"Lieut. Joseph B. Anderson, aerological officer of the ship, states that as the airship started up after coming down from her highest altitude, Commander Lansdowne ordered gas to be valved, but when she shot downward again he tried to steady her by loosing some of the water ballast. He then gave orders to point her nose down and drive through the storm, but at that moment the ship seemed to be seized by two. parallel currents of air, one of which was traveling upward at a far greater speed than the other."

Says another correspondent, writing from the scene of the accident:

"Just what caused the accident is still a matter of doubt tonight, but there were two theories put forward by survivors of the ship. One was that the radio cabin and control cabin, which were wrenched loose and fell to the ground clear of the ship, left holes in the outer covering of the vessel through which the night gale rushed, ripping the helium bags to bits and causing unequal stresses which broke the ship in two. The other was that the gas-tanks broke loose, and in sliding through the ship smashed girders and so weakened the structure that it collapsed."

Capt. Anton Heinen thus explains his theory that the disaster was due to the reduced number of safety-valves for the escape of the helium gas:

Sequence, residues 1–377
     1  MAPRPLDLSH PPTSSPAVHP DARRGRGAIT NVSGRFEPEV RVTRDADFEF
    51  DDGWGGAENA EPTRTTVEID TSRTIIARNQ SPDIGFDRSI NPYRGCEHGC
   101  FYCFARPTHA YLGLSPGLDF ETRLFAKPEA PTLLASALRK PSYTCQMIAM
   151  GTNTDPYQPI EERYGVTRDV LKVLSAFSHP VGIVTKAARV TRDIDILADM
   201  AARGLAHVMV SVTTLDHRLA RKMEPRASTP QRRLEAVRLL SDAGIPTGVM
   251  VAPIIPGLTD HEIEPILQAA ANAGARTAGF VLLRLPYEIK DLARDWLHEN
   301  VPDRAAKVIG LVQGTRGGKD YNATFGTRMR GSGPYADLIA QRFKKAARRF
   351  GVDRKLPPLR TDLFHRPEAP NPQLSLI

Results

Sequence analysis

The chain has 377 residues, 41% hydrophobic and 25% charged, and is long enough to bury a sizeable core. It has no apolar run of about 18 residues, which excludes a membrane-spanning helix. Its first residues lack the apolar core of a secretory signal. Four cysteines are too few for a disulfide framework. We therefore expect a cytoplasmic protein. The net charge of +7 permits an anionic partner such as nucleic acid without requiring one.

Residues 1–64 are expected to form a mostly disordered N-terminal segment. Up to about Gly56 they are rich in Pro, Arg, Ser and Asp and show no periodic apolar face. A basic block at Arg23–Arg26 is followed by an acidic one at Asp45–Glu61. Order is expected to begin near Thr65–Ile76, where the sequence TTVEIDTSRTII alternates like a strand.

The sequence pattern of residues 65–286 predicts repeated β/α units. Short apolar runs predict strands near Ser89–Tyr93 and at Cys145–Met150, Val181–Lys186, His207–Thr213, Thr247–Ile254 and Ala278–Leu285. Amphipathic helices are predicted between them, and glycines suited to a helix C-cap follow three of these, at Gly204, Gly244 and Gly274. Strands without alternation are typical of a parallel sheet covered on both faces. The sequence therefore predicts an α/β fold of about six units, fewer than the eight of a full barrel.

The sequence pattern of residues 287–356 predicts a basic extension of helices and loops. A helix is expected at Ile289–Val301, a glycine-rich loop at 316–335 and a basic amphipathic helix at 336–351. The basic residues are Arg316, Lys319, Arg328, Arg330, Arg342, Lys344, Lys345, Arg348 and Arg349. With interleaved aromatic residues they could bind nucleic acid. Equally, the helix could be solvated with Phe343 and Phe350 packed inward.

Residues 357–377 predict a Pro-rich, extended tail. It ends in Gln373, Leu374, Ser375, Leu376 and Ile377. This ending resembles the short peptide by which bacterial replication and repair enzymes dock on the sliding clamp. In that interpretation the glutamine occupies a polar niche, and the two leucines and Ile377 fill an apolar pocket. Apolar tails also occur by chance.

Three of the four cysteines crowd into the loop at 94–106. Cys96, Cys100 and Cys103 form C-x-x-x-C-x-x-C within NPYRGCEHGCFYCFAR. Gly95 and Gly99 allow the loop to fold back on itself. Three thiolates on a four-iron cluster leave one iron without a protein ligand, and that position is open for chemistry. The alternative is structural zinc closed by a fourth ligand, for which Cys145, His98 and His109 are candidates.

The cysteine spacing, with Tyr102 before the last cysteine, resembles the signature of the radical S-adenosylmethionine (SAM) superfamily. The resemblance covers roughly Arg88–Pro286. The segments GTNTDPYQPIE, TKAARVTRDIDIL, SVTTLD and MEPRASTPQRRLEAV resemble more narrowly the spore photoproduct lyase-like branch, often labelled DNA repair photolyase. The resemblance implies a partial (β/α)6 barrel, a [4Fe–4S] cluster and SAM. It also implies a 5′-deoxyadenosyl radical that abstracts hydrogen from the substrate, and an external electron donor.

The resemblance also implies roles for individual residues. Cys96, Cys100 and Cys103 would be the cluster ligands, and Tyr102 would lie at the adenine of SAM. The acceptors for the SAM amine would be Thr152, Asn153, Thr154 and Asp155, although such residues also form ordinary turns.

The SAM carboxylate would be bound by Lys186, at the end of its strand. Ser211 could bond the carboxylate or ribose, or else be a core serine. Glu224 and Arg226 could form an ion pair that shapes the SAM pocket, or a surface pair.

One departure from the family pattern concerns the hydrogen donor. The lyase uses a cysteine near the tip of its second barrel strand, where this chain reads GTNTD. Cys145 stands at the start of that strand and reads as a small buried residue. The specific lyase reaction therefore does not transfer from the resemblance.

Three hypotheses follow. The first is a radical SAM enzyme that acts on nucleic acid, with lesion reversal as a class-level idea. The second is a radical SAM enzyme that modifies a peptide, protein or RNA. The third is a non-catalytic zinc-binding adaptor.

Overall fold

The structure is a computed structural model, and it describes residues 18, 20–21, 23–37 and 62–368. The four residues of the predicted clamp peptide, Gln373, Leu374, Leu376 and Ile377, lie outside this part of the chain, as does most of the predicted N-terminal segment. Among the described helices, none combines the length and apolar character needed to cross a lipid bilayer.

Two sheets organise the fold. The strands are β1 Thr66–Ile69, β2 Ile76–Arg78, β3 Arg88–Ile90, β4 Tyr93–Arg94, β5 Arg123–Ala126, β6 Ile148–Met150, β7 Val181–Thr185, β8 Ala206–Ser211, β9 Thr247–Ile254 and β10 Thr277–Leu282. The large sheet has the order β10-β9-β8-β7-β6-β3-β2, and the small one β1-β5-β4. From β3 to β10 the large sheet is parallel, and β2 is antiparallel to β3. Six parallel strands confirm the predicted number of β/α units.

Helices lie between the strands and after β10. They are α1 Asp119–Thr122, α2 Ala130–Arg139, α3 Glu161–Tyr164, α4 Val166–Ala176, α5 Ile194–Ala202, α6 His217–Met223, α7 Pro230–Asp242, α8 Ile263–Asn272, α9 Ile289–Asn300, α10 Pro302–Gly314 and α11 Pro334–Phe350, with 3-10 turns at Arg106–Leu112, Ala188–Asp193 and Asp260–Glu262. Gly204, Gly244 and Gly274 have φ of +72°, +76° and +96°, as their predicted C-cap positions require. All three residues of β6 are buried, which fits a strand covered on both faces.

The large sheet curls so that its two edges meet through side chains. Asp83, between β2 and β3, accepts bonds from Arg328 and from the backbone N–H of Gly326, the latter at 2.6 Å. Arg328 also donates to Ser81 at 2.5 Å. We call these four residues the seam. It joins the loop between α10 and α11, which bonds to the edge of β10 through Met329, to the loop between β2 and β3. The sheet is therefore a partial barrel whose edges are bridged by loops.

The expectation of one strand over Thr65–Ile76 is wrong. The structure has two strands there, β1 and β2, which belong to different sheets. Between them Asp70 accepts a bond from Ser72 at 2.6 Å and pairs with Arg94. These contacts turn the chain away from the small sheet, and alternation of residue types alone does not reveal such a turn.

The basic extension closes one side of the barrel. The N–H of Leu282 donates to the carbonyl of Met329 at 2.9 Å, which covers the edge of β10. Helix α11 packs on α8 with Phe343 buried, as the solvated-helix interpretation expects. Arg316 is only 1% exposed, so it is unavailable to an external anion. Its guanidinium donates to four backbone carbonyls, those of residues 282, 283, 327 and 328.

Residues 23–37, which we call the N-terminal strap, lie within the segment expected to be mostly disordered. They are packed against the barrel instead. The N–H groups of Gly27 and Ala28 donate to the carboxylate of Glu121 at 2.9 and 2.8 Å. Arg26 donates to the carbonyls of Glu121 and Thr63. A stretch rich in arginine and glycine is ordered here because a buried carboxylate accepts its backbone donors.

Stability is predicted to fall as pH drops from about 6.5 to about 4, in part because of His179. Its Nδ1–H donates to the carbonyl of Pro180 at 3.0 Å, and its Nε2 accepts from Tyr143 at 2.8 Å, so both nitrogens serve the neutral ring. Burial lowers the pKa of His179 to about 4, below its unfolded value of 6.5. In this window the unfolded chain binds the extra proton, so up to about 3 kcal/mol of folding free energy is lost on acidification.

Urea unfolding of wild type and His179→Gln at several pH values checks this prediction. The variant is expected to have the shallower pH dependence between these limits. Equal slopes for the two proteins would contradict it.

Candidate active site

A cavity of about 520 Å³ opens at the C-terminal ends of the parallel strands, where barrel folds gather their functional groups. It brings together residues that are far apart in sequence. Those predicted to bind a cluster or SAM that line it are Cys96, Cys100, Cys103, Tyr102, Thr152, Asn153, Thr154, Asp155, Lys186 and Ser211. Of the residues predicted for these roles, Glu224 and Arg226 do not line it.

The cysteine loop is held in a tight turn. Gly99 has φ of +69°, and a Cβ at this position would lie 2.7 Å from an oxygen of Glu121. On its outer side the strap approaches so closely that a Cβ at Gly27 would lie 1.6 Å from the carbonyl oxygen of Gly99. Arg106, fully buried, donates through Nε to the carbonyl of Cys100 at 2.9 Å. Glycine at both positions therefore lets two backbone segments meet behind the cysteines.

"Those fourteen gallant men need not have been killed. An airship might possibly go through her whole career without ever being subject to an emergency such as that which arose on the fateful third of September. Yet it is for just such emergencies that the system of safety-valves is provided. At the time that her extremely able constructors turned her over to the Government of the United States, she was provided with safety-valves sufficient in number to withstand any kind of weather conditions which our past experience had encountered.
"I am afraid that a false feeling of security has brought about a change in the construction of the all-important safety-valve device, which was to safeguard the most precious thing aboard the ship&mdashhuman lives&mdashfrom destruction. From a device used for the protection of human life it has been changed to a device for saving the valuable helium contained in the gas-bags.